The Zuni River is a most-often dry wash, leading eventually to the usually dry river bed of the Little Colorado, winding its dusty orange way through the desert. But maybe every dry arroyo holds the memory of the water that once filled it.
My father was a modest man in every respect. He had an open ear and an open heart. He was gentle. He loved the earth and all of its creatures. He loved the Grand Canyon with all of his very large heart.
As a mathematician, he believed in an orderly and logical universe and he wanted to understand things. When the Apollo astronauts came out to Flagstaff to train on the lava flows, He worked with computers in an attempt to predict what the surface of the moon might be like, and how vehicles could navigate it.
He believed that Jesus was raised from the dead, but he was doubtful that Jonah was swallowed by a whale. He was in some ways paradoxical.
As my father lost himself to Alzheimer’s, he didn’t remember much. He could no longer clearly tell me about the work he did for USGS with the space program. He forgot who my mother was.
The riverbed of his memory went dry, but I can’t help but think that in his body was residual memory. In the body itself, not just in the brain’s neural connections.
Maybe the Zuni River remembered his name.
In the year 2040, my daughters Jordan and Monty will be 50 and 41, respectively. I suspect I’ll have grandchildren, but I have no precise idea when. Maybe I’ll have a grand-daughter, and she’ll be, oh, say, ten years old in 2040.
Maybe I’ll take her down to the river. Any river. It might be a river that means the world to me, or it might be a river that will come to mean the world to her, and that she, in due time, will want to share with her children.
In the year 2060, my daughter Monty will be 61—about the same age that my wife is right now. The hypothetical daughter who was 10 in 2040 will be only 30 in 2060. I say only. This is not very old; this grandchild of mine might be ready to have a baby of her own.
It is strange to think of it, but in the year 2090, that grandchild may be the same age that I am right now. Maybe she’ll be noticing, also, how time seems to go by so quickly. I think of my grandparents. It is amazing to be interwoven with someone who lived in 1900, and someone else who may be alive in 2090.
How easily the lives of those we love stretch into the future. How fleeting the time, and how present we will still be in the memories of those who follow—even if we have passed away by then.
I can go to the sycamore tree by the river where my father’s ashes are scattered, and still feel him there.
The town of Lytton, British Columbia, sits at the confluence of two of North America’s great rivers, the Fraser and the Thompson. Among rivers, they are jewels, on par with the Colorado, the Columbia, the Stikine, and the Yukon. They are the arteries of Western Canada. Although it doesn’t carry the number of fish it used to, the Fraser historically is one of the great salmon rivers of the world.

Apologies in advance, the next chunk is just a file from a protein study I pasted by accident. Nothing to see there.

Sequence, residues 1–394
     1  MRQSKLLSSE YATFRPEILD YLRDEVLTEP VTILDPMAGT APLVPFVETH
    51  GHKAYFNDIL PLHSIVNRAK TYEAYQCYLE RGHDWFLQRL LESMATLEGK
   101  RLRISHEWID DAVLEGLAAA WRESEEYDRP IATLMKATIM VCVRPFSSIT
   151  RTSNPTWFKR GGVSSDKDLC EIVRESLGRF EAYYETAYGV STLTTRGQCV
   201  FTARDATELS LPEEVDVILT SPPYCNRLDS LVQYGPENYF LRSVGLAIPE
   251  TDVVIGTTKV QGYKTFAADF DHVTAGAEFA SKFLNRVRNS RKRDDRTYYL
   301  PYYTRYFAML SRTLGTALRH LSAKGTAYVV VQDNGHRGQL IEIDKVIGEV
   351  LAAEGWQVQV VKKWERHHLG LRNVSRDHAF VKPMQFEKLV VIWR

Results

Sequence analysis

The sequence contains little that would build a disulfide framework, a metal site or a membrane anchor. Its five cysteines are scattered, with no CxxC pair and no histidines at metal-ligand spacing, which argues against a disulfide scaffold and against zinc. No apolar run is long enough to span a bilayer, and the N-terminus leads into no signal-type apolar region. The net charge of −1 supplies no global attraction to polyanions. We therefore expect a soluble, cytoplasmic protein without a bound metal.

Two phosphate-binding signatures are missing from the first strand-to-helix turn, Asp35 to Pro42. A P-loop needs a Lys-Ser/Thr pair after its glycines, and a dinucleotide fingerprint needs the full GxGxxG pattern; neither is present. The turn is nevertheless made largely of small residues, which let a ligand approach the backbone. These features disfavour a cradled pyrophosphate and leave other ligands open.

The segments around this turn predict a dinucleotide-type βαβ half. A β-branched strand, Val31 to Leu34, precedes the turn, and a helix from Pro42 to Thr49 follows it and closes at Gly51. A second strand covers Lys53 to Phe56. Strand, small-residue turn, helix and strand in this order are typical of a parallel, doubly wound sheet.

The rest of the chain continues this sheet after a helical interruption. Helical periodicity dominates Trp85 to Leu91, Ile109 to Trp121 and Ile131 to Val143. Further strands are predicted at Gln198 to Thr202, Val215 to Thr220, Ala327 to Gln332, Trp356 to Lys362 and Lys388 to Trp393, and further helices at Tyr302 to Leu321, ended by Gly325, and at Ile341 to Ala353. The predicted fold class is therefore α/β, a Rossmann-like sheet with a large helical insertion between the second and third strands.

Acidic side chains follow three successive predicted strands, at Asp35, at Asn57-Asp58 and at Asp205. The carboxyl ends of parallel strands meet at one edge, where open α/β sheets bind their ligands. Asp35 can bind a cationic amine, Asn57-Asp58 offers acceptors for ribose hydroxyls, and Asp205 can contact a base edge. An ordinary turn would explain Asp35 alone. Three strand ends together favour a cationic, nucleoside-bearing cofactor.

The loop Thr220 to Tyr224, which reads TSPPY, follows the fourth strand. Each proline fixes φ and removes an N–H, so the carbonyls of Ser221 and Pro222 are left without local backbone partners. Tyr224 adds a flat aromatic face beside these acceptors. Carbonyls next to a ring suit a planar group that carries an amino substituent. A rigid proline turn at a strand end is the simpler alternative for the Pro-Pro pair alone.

Both are large and forceful, especially in spring when swollen with snowmelt. Both cut through deep, dramatic canyons and offer powerful, exciting rapids. Both are borne of glaciers in the Canadian Rockies.
When Jordan was a teenager, she and I took a guided raft trip down the Thompson. I remember the rugged bluffs, the noble ponderosas, the roller-coaster ride through huge standing waves. Massive pillows of water. But mostly I remember this:
On a calm stretch, as we drifted past some streaked, rusty hills, we looked up at some mine shafts, black holes bored into the slope. Cinnabar, I presumed. “What are those?” asked a woman on the raft. “Paprika mines,” answered the guide. The woman looked up at the hill in wonder and appreciation. “Ooohh,” she said slowly. “So that’s where it comes from!” The guide didn’t even crack a smile.
About 100 miles due south of Lytton, as the crow flies, is the Baker River. It is just shy of the Canada/US border, smack-dab in the pocket of the world that feels most like home to me. It is one of my favorite rivers. It is small, unlike the Fraser and the Thompson. It has a small watershed. But what it lacks in size, it makes up for in sheer loveliness and richness of life.
In its lower half, the Baker is impounded by dams. But in its upper half, the Baker runs wild and free through some of the most rugged alpine terrain in North America. Its upper watershed is roadless and trail-less. Pristine. Wet, steep, and green.
The river moves through enormous old-growth trees, Western Red Cedar, Western Hemlock, and many other species, both deciduous and conifers. In the cool forest, lichens and mushrooms and mosses do their all-important work. Everything is layered, intricate, interwoven.
Somewhere there is ground, but it’s hard to find it. Woodland flowers such as red columbine, bunchberry, and false Solomon’s seal. Red huckleberries and purple ones, thimbleberries, salmonberries.
The Baker is birthed under the aptly-named Picket Range, a row of serrated peaks in the hard-to-reach heart of the North Cascades. The peaks that surround the upper Baker watershed have names like Mount Despair and Mount Fury. Snowpack tends to be deeper and last longer here than anywhere else in the lower 48 states. More than a dozen glaciers feed the stream.
By late summer, in a dry year, glaciers might account for as much as half of the river’s flow. The beautiful blue-green tinge of the water is due to suspended silt from the glaciers that feed it. Such silt, called glacial flour, is so fine that the water appears crystal-clear up close, but imparts a slight milkiness when seen from greater distance.